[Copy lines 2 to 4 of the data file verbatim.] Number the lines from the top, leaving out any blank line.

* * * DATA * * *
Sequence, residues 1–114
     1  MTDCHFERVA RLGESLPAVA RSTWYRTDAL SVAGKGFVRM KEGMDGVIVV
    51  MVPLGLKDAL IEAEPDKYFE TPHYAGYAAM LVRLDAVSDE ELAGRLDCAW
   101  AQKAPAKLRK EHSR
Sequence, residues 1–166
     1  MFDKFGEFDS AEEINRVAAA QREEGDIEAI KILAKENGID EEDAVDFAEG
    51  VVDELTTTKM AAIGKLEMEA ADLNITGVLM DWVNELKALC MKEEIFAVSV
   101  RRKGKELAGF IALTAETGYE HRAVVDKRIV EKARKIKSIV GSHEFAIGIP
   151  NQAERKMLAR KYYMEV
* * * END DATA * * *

     1  MTDCHFERVA RLGESLPAVA RSTWYRTDAL SVAGKGFVRM KEGMDGVIVV
    51  MVPLGLKDAL IEAEPDKYFE TPHYAGYAAM LVRLDAVSDE ELAGRLDCAW
   101  AQKAPAKLRK EHSR